The next half hour was beyond my wildest dreams. We sat on the lawn while the cheetah moved between us, almost demanding to be scratched and petted. They sat next to us, or flopped down beside us, perfectly relaxed while we indulged their demands and snapped photos of each other, the whole time listening to deep purrs. The youngest – and eleven month old cub – played in the same way as any domestic kitten would: swatting at me with large paws, gently biting my arm or my knee. The only difference was size and strength, which the cub had no realisation of!

But, they are still wild animals, and we were ever vigilant.

Before we left, Marco fed them. Just like dogs, they followed him to fetch the food, and then waited eagerly for their share. We watched for a little while, before leaving them in peace.

Our afternoon activities were not over. Next up was the feeding of the wild cheetah.

We clambered back into the back of the bakkie and headed to the 200 hectare enclosure which is home to 8 wild cheetah. There was an element of Pavolv’s dog about it – when they heard the vehicle, some of them came to fetch food. But, their demeanour was different, and Marco was certainly more wary of them: no cuddling here. The wild cheetah do hunt themselves, and so don’t always come to receive their share. In our case, 6 made brief appearances as we drove around the enclosure.

Lastly, we made our way to the smaller 40 hectare enclosure which is home to a mother and her 3 cubs. Her litter was originally 5 – which is on the large size for cheetah – but one died, and another looked like her legs had problems, so had been taken to be hand reared. Even with 3 cubs, this mother would have had a tough time if she really was hunting to feed them. They all grabbed the food on offer before moving off into the bush to eat.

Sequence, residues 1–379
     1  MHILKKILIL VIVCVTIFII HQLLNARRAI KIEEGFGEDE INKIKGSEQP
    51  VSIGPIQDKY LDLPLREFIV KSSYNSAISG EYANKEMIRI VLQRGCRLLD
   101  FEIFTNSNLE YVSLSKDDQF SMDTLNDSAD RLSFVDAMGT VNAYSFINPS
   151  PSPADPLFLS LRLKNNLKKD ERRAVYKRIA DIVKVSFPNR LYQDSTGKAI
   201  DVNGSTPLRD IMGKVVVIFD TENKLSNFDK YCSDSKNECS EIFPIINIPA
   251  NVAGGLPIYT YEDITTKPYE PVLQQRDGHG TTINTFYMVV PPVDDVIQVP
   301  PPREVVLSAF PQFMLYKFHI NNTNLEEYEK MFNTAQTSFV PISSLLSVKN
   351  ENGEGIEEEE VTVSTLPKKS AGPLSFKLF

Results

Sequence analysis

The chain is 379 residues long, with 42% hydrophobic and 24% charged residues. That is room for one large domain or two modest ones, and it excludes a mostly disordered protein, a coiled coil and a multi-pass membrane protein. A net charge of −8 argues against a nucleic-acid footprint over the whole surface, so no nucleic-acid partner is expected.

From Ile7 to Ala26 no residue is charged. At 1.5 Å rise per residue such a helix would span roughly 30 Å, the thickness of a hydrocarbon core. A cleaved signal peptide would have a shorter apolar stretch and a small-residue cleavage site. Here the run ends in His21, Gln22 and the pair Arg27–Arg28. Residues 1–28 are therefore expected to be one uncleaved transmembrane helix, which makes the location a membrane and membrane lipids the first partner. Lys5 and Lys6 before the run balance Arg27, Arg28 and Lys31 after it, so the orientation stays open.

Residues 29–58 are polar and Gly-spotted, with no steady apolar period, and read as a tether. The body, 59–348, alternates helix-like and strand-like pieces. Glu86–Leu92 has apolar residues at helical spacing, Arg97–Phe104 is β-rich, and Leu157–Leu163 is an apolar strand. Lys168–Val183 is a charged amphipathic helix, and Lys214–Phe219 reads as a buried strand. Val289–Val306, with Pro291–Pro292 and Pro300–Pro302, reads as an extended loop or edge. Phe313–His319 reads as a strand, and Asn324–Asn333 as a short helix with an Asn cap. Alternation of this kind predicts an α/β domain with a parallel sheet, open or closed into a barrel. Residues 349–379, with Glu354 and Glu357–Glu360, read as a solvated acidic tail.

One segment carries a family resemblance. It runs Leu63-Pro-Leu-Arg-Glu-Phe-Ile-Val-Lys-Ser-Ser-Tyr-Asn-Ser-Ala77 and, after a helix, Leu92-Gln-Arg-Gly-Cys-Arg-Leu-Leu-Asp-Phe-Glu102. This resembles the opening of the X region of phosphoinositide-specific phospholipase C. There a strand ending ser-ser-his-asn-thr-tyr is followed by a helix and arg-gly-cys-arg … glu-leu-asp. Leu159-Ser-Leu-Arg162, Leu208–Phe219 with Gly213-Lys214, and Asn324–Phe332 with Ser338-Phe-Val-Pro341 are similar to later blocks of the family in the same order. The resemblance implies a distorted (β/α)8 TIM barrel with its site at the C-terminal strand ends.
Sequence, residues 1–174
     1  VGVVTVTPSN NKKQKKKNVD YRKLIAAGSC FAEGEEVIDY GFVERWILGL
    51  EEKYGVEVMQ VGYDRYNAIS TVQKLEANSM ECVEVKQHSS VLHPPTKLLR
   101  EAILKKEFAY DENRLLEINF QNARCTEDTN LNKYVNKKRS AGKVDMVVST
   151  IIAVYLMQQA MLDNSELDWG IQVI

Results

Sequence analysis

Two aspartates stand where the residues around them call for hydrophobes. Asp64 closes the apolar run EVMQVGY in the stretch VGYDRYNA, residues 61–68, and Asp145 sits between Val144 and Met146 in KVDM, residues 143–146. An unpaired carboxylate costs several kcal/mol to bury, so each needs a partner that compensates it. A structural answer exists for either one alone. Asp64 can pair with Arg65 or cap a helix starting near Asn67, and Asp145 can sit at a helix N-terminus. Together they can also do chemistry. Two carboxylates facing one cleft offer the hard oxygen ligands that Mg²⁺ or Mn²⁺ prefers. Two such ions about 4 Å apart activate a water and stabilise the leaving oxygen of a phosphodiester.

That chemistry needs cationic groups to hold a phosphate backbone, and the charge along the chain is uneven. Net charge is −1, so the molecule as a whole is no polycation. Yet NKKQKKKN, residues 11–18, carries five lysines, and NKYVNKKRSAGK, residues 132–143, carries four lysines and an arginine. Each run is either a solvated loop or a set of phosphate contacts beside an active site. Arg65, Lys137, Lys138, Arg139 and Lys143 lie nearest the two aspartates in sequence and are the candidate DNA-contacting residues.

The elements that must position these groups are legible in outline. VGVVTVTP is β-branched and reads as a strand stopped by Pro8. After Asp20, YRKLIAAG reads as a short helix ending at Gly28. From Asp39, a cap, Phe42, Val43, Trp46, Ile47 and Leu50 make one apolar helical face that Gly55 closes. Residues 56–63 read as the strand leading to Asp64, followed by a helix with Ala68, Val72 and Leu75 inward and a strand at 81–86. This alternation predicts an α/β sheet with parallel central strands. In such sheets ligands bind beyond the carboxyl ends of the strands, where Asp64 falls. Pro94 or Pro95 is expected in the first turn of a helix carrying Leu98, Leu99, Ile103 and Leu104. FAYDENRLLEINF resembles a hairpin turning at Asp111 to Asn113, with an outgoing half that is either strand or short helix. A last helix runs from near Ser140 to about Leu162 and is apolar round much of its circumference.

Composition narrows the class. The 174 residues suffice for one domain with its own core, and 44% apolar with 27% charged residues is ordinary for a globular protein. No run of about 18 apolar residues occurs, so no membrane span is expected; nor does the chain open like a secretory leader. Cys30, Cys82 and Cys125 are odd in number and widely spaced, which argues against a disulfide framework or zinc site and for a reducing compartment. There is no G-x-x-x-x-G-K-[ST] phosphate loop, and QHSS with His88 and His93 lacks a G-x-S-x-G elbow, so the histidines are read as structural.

And so ended our cheetah experience. It was incredible, one that will live in my memory hopefully forever. If you are ever in the area, do make a detour to visit and support this worthwhile project. And tell them we say hi.



Notes:

Otjitotongwe is a working farm. It was bought by Marco’s grandfather in 1931 and has been in the family ever since. They currently farm cattle, sheep and goats. Their work with cheetah started about 20 years ago. They offer camping, and also have 5 2-bed chalets.



Notes:

Only about 9,000 – 12,000 cheetah are estimated to survive. They are extinct in 10 countries in their former range, and likely to slide into extinction in a further 11 countries in the future. Namibia has the largest national population of cheetah. Some are still in the wild, but cause problems for farmers by hunting their livestock. Sadly, this often results in a bullet rather than relocation to a safe haven, such as Otjitotongwe.



rgds
African GirlChild






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PostSubject: Re: Kapp 2 Cape: Nordkapp to Cape Agulhas starting Oct 2012   Kapp 2 Cape: Nordkapp to Cape Agulhas starting Oct 2012 - Page 9 EmptyFri May 31, 2013 6:03 am

21st May 2013

Twyfelfontein

With the feel of cheetah fur on my palms, and raspy licks on my legs, we bid farewell to Otjitotongwe – off to Twyfelfontein!

On our way, we stopped past Vingerklip. This is a limestone pillar, about 35m high, that is all that remains after erosion of a plateau formed more than 15 million years ago. It is impressive when viewed from a distance. It is awe-inspiring when viewed from the base. We followed the path that wound its way from the parking up to the huge pillar, enjoying the views of both the formation as well as the surrounding scenery.